Tag Archives: Apartheid

The TRC Twenty Years On

Former South African president FW de Klerk handing over the party's submission to Archbishop Desmond Tutu during the National Party's submission before the TRC, Cape Town, 21 August 1996

This week marks twenty years since the Truth and Reconciliation Commission (TRC) presented its final report. The TRC began formal hearings on the 15th April 1996,  having received submissions for amnesty from ordinary citizens, members of the police, former members of government, as well as ANC comrades. Out of 7112 petitioners*, 5392 people were refused amnesty, […]

Otelo Burning

Otelo Burning, a South African-directed film that opened the Durban International Film Festival in 2011, has as its backdrop the township of Lamontville, and the political violence that erupted there during the 1980s. Much like Mpumalanga that we wrote about last week, Lamontville too was besieged by infighting during the 1980s as members of the […]

Omar Badsha: Placing the Collective Above the Individual

Photographer Omar Badsha in his Woodstock home, Cape Town, 2015

Last month saw President Cyril Ramaphosa bestow the 2018 National Orders on a number of extraordinary local citizens and foreign nationals. The National Orders, which are presented annually on Freedom Day, are the highest awards that the country can bestow on individuals. In 1998, the Presidential Advisory Council on National Orders was tasked with revising the orders […]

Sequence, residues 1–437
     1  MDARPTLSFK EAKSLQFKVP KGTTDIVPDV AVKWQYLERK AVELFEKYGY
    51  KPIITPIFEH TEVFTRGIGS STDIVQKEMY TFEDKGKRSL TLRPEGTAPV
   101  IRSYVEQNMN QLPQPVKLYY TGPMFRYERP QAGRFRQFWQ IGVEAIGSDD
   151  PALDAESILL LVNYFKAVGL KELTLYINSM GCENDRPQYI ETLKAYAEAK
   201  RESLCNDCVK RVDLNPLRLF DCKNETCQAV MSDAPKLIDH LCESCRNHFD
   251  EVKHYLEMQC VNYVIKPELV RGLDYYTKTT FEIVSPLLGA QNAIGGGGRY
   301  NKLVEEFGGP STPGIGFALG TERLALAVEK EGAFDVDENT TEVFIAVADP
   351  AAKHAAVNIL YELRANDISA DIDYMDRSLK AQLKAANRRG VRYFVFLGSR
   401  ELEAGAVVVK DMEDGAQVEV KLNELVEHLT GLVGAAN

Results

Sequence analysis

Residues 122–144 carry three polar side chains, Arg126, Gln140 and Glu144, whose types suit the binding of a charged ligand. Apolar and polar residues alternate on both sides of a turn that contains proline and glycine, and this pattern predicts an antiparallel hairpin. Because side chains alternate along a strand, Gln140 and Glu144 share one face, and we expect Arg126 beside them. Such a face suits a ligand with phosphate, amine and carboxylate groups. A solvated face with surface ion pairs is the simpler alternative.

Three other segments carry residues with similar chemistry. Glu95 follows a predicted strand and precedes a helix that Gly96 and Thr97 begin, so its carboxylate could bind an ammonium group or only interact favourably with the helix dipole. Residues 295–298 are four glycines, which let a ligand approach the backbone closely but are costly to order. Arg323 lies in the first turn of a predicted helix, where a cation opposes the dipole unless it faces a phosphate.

On This Day…..

Students protest in Soweto against the introduction of Afrikaans in schools

The 16th of June 1976 is commemorated in South Africa as Youth Day, in remembrance of the countless children who lost their lives during the Soweto Youth Uprising. To read the list of the names of children killed during the 1976 student protests is beyond heartbreaking – unarmed students gunned down by police for trying to […]

Ranjith Kally (1925-6 June 2017)

Ismail Meer & Monty Naicker with Chief Luthuli and his daughters, Grey Street, late 1950s

  You may not know the name Ranjith Kally, but you will definitely be familiar with his work, and there’s no doubt that the names of the countless political personalities that Kally photographed will ring a bell. Kally, who worked for some thirty years as a photojournalist for Drum Magazine and its sister publication, Golden City Post, was responsible for […]

The University of Fort Hare

Fort Hare staff members marching against the Bantu Education Act, 1958

The University of Fort Hare, possibly South Africa’s most famous educational institution, has had something of a checkered past. Opened in 1916 as the South African Native College by Christian missionaries, the school offered a European-style education for students from across sub-Saharan Africa. While the missionaries were part of colonial expansion, which came with its own set of prejudices, they did […]